Given that Jeff Bradstreet recently died, under what seems to be tragic circumstances, we were unsure whether it was proper to post this already semi-prepared entry. We decided to go ahead – after all, Bradstreet’s claims still carry some weight in certain parts of the antivaxx communities, and ought to be exposed in the name of public good.
James Jeffrey Bradstreet was an (alternative) autism researcher and former Christian preacher who also ran the International Child Development Resource Center in Melbourne, Florida. Bradstreet did possess a medical degree an seems to have done some real research, though apparently he never quite understood that thing about proper protocols for hypothesis testing and the importance of using, you know, evidence to back up claims – he was, after all, currently also an adjunct professor of child development and neuroscience at the Southwest College of Naturopathic Medicine in Tempe, Arizona. That’s not an institution where claims are evaluated according to their foundations in evidence or reality.
His research on autism accordingly sought to blame vaccines. The fact that the hypothesis is as falsified as any scientific hypothesis can be apparently didn’t deter him. He didn’t even take the hint when his results were published in the legendary pseudo-journal Journal of American Physicians and Surgeons (which is, needless to say, not indexed by PubMed). His research did not impress the Institute of Medicine.
Not deterred by falsification, Bradstreet went on to treat at least one autistic child with chelation therapy for an extended period of time – despite obvious lack of efficacy, obvious adverse effects, and the fact that the treatment was unwarranted even by Bradstreet’s own standards (tests showed that the kid’s mercury levels were normal). In addition to chelation, Bradstreet also promoted the use of intravenous immunoglobulin as an autism treatment (a treatment popularized in particular perhaps by Dan Rossignol, another autism crackpot), Gc-MAF (with which he claimed to have treated 600 children with), and stem cell therapy (“case reports have built an argument for supporting the reversibility of autism using immunological interventions” – in other words: despite a complete lack of actual evidence).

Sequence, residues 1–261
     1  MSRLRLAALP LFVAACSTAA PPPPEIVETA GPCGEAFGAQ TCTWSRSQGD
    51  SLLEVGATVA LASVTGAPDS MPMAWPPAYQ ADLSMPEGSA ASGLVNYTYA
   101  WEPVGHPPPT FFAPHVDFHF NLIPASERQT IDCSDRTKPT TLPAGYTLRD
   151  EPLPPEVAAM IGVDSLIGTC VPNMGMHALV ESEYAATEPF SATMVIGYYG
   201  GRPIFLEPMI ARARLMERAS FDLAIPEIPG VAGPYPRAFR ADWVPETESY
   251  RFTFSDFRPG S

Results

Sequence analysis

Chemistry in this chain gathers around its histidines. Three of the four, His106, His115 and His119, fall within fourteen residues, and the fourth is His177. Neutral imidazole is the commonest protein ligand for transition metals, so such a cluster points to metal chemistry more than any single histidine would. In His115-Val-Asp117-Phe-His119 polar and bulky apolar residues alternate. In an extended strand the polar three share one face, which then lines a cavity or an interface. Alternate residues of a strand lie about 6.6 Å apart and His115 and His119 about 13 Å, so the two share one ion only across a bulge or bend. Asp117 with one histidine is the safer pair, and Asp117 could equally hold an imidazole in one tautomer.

On the grounds that he possessed genuine credentials, Bradstreet was involved in the autism omnibus trial – both in treating several of the patients and as an expert witness (he has also testified before Congress in connection with some of Dan Burton’s many anti-vaccine efforts). The courts were not impressed with Bradstreet’s diagnoses and treatment regimes, but we doubt that ever deterred him. At least he continued to participate at the annual quackfest Autism One.
Diagnosis: One of the central characters in the anti-vaccine movement. After all, Bradstreet had credentials. That he rather obviously failed to understand much of the stuff he was supposed to learn in obtaining those credentials is apparently of little importance to his fans.